Just over a week ago, Montana’s Republican-majority House banned Rep. Zooey Zephyr from in-person debates and voting for the remainder of the 2023 session.
On Monday, Zephyr—the first openly transgender woman elected to Montana’s legislature—sued Republican leadership, alleging that her censure was a violation of her First Amendment rights. The lawsuit, which was also filed on behalf of a few of Zephyr’s constituents, characterized the lawmakers’ treatment as a “retaliatory” and “unconstitutional” silencing.
Zephyr was censured after criticizing a bill that would restrict gender-affirming health care. (That legislation has since been signed into law but not yet gone into effect. It will likely face legal challenges.) She had said that her colleagues who supported the measure “would have blood on their hands.” Republicans then banned her from participating in floor debates on April 18; days later, she raised her microphone on the house floor in protest. Her supporters pushed for her to be able to speak in the chamber’s gallery; seven were arrested. Zephyr’s access to capitol entrances, bathrooms, and workspaces were subsequently deactivated as she was banished from the house floor, per the lawsuit.
Zephyr isn’t the only Democratic state lawmaker to face discipline in recent months. In March, Oklahoma Republicans formally censured Rep. Mauree Turner, the first openly nonbinary state legislator in U.S. history and first Muslim lawmaker in Oklahoma. In April, Tennessee Republicans expelled two Black House Democrats—Justin Jones and Justin Pearson—for taking part in a gun violence protest.
Zephyr spoke with TIME over Zoom on Tuesday morning from Helena, Montana. With her two cats pawing underneath her door and a trans pride flag on the shelf behind her, Zephyr talked about being banned from the capitol, the decision to sue, and her conversations with Jones and Pearson about their “threaded” experiences.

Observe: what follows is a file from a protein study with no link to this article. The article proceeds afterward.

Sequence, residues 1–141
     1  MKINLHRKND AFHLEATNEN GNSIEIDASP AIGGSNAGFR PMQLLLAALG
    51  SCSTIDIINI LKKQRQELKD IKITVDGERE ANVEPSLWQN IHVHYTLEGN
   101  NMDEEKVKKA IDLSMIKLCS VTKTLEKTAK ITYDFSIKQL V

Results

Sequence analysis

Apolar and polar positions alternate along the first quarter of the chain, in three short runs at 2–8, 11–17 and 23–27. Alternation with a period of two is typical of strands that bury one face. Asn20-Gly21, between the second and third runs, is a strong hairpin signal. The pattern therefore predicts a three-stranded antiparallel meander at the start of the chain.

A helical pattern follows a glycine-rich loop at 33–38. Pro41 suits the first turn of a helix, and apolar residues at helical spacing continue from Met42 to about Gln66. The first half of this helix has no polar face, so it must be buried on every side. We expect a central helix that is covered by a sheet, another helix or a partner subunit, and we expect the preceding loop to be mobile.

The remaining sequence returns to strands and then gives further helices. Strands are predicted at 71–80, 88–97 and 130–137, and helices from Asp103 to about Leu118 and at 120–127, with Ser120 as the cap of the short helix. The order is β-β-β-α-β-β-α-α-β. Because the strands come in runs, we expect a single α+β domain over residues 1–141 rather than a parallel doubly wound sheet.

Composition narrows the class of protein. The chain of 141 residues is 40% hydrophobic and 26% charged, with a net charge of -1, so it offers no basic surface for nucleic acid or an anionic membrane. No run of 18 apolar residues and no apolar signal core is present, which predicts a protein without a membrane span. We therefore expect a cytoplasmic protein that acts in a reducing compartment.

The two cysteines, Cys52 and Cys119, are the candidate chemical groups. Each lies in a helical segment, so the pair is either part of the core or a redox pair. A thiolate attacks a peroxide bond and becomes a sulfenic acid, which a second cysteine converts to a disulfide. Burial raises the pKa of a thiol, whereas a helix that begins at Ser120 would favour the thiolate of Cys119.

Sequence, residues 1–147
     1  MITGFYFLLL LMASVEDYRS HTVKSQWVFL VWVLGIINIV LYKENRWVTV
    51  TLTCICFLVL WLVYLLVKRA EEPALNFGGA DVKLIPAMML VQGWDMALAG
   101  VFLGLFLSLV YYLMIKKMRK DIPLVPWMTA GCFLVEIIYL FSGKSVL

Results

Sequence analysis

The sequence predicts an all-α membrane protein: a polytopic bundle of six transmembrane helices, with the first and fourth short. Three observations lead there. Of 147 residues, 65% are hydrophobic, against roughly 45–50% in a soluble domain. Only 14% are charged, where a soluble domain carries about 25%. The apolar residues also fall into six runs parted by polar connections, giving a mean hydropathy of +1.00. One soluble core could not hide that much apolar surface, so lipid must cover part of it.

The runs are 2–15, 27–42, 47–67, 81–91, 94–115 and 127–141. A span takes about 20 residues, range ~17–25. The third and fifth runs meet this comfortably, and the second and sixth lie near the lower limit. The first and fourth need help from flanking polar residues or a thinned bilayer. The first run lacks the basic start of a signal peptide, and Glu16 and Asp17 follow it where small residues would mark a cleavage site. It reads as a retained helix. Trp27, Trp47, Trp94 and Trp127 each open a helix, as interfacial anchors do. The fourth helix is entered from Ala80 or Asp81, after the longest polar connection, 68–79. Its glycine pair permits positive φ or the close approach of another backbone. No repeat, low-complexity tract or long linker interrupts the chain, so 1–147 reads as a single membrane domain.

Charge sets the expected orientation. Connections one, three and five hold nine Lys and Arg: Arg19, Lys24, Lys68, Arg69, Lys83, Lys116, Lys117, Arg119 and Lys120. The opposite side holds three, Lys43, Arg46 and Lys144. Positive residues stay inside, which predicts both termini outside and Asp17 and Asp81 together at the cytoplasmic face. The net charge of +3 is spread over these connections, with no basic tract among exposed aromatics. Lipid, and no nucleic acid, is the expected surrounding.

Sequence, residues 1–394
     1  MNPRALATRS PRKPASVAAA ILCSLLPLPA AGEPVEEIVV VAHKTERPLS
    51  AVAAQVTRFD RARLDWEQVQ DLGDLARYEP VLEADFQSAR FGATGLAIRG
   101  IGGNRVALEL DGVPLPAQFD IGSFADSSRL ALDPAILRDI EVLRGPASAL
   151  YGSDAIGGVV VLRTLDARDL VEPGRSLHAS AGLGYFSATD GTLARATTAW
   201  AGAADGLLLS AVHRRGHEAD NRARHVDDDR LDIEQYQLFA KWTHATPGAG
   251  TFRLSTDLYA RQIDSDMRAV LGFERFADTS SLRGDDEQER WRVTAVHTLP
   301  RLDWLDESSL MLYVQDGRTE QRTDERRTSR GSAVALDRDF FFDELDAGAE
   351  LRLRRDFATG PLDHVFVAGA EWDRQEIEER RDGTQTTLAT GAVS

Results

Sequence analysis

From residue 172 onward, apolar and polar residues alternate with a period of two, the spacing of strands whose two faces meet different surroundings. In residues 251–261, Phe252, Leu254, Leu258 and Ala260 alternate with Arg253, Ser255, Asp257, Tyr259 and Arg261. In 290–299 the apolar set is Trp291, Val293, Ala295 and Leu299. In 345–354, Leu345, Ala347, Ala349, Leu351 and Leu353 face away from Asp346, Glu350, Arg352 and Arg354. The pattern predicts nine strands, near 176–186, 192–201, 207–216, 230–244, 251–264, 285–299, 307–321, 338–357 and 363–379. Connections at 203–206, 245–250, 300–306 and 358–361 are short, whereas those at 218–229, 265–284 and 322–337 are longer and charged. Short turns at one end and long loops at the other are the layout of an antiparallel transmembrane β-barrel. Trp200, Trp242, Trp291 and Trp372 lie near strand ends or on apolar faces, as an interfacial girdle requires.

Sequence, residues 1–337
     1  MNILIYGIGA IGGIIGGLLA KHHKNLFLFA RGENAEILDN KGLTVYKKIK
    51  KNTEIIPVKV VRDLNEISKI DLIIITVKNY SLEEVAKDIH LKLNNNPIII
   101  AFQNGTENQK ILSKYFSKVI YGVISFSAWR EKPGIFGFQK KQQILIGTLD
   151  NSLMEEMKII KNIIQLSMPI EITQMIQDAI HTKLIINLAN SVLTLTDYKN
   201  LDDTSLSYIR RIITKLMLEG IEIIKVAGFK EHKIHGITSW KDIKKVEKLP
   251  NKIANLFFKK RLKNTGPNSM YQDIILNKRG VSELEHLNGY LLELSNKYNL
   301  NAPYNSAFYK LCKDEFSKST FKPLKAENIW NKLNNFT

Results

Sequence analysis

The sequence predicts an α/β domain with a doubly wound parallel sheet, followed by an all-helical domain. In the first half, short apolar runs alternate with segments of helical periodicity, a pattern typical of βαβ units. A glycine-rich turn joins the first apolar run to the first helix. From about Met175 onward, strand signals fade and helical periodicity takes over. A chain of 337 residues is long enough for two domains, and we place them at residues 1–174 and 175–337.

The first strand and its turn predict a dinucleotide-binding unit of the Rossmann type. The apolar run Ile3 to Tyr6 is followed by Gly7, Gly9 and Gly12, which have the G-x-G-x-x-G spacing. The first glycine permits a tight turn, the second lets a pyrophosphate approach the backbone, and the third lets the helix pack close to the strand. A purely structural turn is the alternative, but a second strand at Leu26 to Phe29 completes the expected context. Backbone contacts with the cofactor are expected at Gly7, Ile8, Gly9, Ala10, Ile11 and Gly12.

The following conversation has been lightly edited.
It’s been more than a week since Montana’s House voted to ban you from in-person debates and voting for the remainder of the 2023 session. How have you been spending your time?
I’ve been doing the work, making sure I know the bills just as well as I would if I were in that room. I’m trying to sit right outside the chamber, so I can talk to legislators as they come by and make sure I get my community’s points across about bills that are being voted on. I spoke with Rep. Marilyn Marler about bills related to Montana’s Fish, Wildlife and Parks and Rep. SJ Howell about a proposed ban on drag performances in public places. I tell my Democratic colleagues: obviously I can’t speak on it because they’re not allowing me in the room but is there anything you need from me? Is there anything I can help with?
On Monday, you decided to sue, saying the censure was a retaliatory and unconstitutional silencing. Why take this battle to court?
I took this battle to court because my constituents deserve representation. When the speaker refused to recognize me, he took away not only my right as a legislator to partake in speech and debate on the floor, but also the voice of the people who elected me. And that is an attack on the very first principles of our country. That is an attack on democracy.
You were penalized for speaking out against a bill that would restrict gender-affirming health care. That bill has now been signed into law. What does that mean for your constituents??
That law does not go into effect until Oct. 1 of this year. I anticipate that there will be lawsuits before then. My expectation is that this law, which we know is cruel and gets trans kids killed, is unconstitutional.
What is your main concern about this legislation?
My primary concern is that it takes away health care that trans youth need to live full and joyous lives, as proved by every major medical association in our country. I know the joy that comes when a trans person is allowed to transition. I wouldn’t be able to do the work I do, to be in community in the way I am, had I not transitioned.
In your lawsuit, you say the censure is not just a result of what you said but who you are: specifically, the first openly transgender women elected to the Montana legislature. What are the challenges associated with navigating a legislative body that is predominantly made up of white, cis men and one that has politicized your identity?